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Preparing for a Disney Ticket Price Increase

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MYW_Ticket_LogoPrice increases are imminent; resistance is futile.

Okay, it’s not quite as bad as all that, but it has been over a year since Disney increased their regular ticket prices. Yes, they increased the cost of their Annual Passes in October, but it was February 22, 2015 the last time the regular tickets went up. History and our intuition indicates that will change any day now. So let’s take a quick look at what that may mean for you.

Tiered Ticket Pricing

In June of last year a Disney survey seemed to hint that they would eventually be implementing a tiered ticket system. This system would mean that guests would pay more–up to $125 for a single-day ticket–during times of peak attendance. There was no real indication when, or if, this system would ever come to be, but we suspect it will eventually be utilized. We have no evidence that this will be what Disney goes to on the next increase, but we wouldn’t be surprised either.

How Much Will They Go Up

Since June of 2013, Disney has increased their ticket prices four times. The average one-day ticket to the Magic Kingdom has increased incrementally in that time from $89 to $105. The average increase has been around 5%. If that percentage holds, that would mean that the one-day adult ticket to the Magic Kingdom would be approximately $109. The other parks have only increased 3% on average, but that is skewed because Disney went to separate pricing for their non-Magic Kingdom parks in that time. If the Magic Kingdom moves to $109, we would expect the other parks to be priced around $100.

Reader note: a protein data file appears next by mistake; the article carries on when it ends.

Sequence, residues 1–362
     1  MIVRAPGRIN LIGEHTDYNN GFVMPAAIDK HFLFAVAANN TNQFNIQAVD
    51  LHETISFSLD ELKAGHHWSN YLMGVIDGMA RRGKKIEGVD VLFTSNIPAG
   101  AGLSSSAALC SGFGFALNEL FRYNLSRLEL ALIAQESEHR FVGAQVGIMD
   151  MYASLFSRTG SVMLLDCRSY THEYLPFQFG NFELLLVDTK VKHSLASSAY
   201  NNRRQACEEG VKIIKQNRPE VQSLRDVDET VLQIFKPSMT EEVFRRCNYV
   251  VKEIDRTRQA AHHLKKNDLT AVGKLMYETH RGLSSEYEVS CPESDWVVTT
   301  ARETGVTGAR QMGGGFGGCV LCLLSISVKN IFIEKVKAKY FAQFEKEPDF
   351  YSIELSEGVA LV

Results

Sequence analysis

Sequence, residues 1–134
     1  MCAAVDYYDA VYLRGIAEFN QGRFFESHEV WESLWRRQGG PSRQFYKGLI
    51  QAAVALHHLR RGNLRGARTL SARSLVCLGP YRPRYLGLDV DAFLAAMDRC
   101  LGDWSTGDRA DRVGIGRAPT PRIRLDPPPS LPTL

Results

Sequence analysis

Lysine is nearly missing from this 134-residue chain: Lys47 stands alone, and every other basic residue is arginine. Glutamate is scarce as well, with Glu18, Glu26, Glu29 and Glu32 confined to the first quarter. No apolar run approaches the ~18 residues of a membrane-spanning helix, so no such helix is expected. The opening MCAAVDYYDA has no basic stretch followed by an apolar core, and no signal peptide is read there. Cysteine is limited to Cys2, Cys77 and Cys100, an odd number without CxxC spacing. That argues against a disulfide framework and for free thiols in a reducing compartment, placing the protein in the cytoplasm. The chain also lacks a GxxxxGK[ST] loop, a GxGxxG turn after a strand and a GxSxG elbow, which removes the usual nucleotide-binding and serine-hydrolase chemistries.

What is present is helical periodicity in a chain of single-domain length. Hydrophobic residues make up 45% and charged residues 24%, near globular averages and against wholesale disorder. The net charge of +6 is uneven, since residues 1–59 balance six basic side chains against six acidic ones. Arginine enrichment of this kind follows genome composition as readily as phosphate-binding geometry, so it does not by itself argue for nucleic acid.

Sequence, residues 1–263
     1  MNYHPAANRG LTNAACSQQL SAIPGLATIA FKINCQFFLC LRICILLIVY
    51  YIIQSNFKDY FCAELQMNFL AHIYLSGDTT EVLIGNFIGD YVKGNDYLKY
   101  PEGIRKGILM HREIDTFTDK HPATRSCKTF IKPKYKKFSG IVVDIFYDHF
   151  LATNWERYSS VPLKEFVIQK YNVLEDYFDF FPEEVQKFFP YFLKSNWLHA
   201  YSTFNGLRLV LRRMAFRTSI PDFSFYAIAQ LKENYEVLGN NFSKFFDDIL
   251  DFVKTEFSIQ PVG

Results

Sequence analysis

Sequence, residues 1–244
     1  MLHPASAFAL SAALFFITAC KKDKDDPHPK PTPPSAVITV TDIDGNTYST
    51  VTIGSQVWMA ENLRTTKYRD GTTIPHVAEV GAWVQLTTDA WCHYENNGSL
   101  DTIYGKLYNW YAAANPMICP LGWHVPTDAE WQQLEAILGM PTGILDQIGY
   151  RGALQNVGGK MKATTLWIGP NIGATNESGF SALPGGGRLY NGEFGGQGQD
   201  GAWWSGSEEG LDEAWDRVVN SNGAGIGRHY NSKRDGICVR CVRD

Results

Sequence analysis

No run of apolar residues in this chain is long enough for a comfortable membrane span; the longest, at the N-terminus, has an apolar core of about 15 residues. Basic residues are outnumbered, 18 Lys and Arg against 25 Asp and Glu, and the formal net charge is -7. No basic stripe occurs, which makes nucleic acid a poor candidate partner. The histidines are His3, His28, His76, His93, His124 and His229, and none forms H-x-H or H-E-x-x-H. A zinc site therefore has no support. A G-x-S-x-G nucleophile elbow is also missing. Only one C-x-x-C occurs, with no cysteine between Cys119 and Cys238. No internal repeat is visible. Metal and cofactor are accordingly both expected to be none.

A caveat to this is if the tiered system is put in place. In that case we would expect the peak days to increase further than $109, but the lower attendance days to increase less, maybe not at all.

What This All Means For You

If you have a trip approaching but have not bought tickets yet, you may want to seriously consider it. A family of four could save $100 by buying multi-day tickets now versus after an increase. Also, if you are visiting at a peak time–say July 4th or Thanksgiving–you may save even more if the tiers are implemented. Even if Disney changes the ticket rules in their next increase, they will undoubtedly honor the rules of the tickets at the time of purchase. If you want to find out the cheapest tickets right now at this moment, we have a ticket calculator that will help you out.

We occasionally get a day or two notice about an increase, but not always, so be ready for it. Also, the last time Disney went more than a year without increasing ticket prices was…??? (our records don’t go back far enough).

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Brian McNichols

In addition to blogging, I also do some analyzin' here at Touring Plans. I am a travel nut, planning nut, Disney nut, wall nut. Husband of 1, father of 2. Hilariously funny in my own mind. Find me on Twitter @YesThatBrian if you like really dumb jokes.